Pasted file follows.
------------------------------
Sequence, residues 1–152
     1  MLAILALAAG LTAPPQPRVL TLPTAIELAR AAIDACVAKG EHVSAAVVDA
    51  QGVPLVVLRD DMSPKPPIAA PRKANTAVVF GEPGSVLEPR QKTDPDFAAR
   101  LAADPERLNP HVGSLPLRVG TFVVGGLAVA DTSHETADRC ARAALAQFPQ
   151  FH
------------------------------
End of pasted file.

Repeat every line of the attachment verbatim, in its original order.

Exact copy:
Sequence, residues 1–152
     1  MLAILALAAG LTAPPQPRVL TLPTAIELAR AAIDACVAKG EHVSAAVVDA
    51  QGVPLVVLRD DMSPKPPIAA PRKANTAVVF GEPGSVLEPR QKTDPDFAAR
   101  LAADPERLNP HVGSLPLRVG TFVVGGLAVA DTSHETADRC ARAALAQFPQ
   151  FH